Mental Health: How Financial Advisors Help Clients Cope With Anxiety

Advisors know how to respond to clients’ financial concerns. But when the anxiety is related to mental health and has nothing to do with money, relationships can become strained.




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After nearly two years of pandemic-related stress, clients may feel adrift, fearful and uncertain about life in general. They may come across as unusually helpless, indifferent, or unable to think clearly and make sound decisions.

Counselors are not professional therapists, so no one expects them to provide mental health counseling. Yet they may find themselves at the front desk of a distraught customer looking for relief.

While some advisors dread such heart-to-heart conversations, others embrace them. Clients who confide in their advisor – and feel better afterwards – tend to stay loyal through thick and thin.

“You need to have a relationship where the client trusts you enough to discuss their feelings,” said Jay Zigmont, a certified financial planner in Water Valley, Mississippi. “You need to have this safe environment and make them feel comfortable discussing their feelings stem from.”

Resist judgment

To build trust, acknowledge a client’s emotions and sanity. Resist judgment (“You shouldn’t feel this way”) in favor of reflecting on the situation (“I can tell it’s hard for you”) and let people open up.

“You can’t rush to come up with a solution,” Zigmont said. “First, understand what’s holding them back on the emotional side.”

Gentle questioning allows counselors to get a better sense of clients’ concerns and mental health. Although respondents may hold back their deepest feelings, at least initially, caring about their well-being can in itself be comforting.

Stay calm and calm as you listen. Showing too much emotion right away can cause customers to shut down.

Dig to find out what drives mental health

Anxious people often want to let off steam. Giving them the chance to express themselves freely is a gift, especially if you seem genuinely attentive, eager to learn, and willing to tolerate pockets of silence.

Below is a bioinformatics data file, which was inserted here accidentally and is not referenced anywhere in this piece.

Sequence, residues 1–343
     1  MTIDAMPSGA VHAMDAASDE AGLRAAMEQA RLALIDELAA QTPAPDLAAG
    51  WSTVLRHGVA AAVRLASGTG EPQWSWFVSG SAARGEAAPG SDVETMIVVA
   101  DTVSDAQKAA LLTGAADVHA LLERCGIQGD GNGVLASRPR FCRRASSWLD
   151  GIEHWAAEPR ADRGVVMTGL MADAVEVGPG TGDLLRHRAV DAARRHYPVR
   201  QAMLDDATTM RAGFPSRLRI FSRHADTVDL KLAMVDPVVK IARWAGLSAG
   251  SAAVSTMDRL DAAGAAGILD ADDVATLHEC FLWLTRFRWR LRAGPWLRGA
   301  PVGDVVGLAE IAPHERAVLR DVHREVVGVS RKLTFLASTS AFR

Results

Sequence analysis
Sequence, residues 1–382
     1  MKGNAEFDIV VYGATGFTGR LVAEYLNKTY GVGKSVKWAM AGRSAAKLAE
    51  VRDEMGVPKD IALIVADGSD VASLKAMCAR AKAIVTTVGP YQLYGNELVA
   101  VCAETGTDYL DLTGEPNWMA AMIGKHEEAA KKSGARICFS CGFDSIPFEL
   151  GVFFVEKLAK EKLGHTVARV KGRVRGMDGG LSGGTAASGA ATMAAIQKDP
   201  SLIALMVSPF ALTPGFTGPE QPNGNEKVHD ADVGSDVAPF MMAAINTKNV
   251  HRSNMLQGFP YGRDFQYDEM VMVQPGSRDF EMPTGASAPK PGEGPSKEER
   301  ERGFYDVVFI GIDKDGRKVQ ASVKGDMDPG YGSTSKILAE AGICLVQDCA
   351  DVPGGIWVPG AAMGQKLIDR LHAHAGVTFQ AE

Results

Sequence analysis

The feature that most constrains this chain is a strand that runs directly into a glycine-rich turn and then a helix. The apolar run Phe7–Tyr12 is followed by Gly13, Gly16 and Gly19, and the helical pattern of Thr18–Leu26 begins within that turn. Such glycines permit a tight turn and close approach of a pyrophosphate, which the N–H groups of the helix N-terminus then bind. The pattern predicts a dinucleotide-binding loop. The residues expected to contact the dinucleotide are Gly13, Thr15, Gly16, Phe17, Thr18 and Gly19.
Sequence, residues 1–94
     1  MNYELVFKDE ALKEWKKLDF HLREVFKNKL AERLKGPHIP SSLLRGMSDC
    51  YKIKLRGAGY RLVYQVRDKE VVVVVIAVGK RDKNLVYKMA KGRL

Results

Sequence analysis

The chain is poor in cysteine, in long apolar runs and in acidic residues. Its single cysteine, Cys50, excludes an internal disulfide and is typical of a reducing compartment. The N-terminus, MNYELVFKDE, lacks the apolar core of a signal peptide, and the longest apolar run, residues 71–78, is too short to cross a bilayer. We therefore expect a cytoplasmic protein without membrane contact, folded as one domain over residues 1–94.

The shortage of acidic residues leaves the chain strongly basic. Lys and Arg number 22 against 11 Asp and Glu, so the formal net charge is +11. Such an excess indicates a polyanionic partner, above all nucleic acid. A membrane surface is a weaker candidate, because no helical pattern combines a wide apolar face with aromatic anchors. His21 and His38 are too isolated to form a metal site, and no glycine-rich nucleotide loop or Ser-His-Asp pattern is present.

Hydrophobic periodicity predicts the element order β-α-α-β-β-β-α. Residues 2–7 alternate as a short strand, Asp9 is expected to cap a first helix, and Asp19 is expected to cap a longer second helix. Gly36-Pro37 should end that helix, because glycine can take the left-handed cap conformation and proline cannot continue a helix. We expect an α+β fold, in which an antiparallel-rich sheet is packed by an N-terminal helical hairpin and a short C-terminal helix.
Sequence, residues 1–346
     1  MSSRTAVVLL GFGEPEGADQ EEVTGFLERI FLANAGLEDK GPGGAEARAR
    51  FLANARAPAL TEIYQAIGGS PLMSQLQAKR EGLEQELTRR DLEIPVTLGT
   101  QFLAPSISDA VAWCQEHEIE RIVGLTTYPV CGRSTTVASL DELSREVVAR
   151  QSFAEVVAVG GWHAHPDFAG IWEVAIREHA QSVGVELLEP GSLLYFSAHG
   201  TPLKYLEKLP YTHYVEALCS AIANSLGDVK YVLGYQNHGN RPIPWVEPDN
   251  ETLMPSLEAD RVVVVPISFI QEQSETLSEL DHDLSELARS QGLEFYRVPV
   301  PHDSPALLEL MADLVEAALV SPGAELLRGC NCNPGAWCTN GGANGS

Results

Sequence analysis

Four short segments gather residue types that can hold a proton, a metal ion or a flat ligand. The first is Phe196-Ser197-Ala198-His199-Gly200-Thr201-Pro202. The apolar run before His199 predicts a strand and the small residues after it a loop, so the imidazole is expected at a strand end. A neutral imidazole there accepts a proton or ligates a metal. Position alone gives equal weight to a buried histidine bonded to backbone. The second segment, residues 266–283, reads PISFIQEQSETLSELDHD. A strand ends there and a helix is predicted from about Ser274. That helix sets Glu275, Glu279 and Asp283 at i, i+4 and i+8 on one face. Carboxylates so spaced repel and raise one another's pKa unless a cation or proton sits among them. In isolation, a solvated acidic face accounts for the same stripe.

“Pausing and letting silence fill a conversation is an effective way to give someone the space to share more,” said Elliott Appel, a certified financial planner in Madison, Wisconsin. “Instead of trying to fill every conversation with words, I verbally and non-verbally empathize with my body language.”

Encouraging clients to open up to you may not alleviate their mental health issues. But it will help you build rapport and set the stage for more revealing and candid exchanges.

Better yet, help them identify the source of their anxiety. Encourage them to examine why they are anxious and what is causing it.

“If you let them, they’ll let their guard down and share the pressures and challenges in their vision for the future,” said Mike Kurz, a certified financial planner in Frisco, Texas. “Acknowledge what you hear from them” and try to separate what is under their control from outside forces.

Even if they are struggling with worries, you can play a positive role by allowing them to reassess their mental health. Suggest that they adopt a larger goal through which they experience negative feelings.

For example, Kurz may ask an anxious client, “How would you rate your life on a scale of 1 to 10?”

“If they say ‘6,’ then I might ask, ‘Why not zero? What brings you to 6?'” he said. Acknowledging the rewarding aspects of their life reminds them to be grateful and puts their anxiety into a bigger perspective.

Know how childhood experiences affect mental health

Shifting a client’s focus from current worries to future happiness can reframe how they deal with swirling fear and uncertainty. Their mental health becomes less immobilizing if they conclude that conditions will improve over time.

Scott Alan Turner, a certified financial planner in Hudson Oaks, Texas, likes to ask his anxious clients, “Where do you see yourself in 10 years? »

At first, they tend to give vague answers. So Turner might go on and say, “Paint me a picture of what you see yourself doing 10 years from now.”

Guiding them to a better future lifts their spirits, he says. As they imagine themselves living more fully, they are better equipped to deal with current difficulties.

Like a therapist, Turner could also probe to find out why clients feel anxious. But rather than bombarding them with a battery of intrusive questions, he prefers to keep it simple.

“He tries to dig in and get them to understand where their feelings are coming from,” he said.

Inviting them to share childhood memories is a springboard for self-discovery. So Turner might say, “Tell me about your upbringing.

Highlighting lessons clients learned from an early age—or exposing long-held attitudes or beliefs they learned from family members—sheds light on how they respond to life’s challenges .

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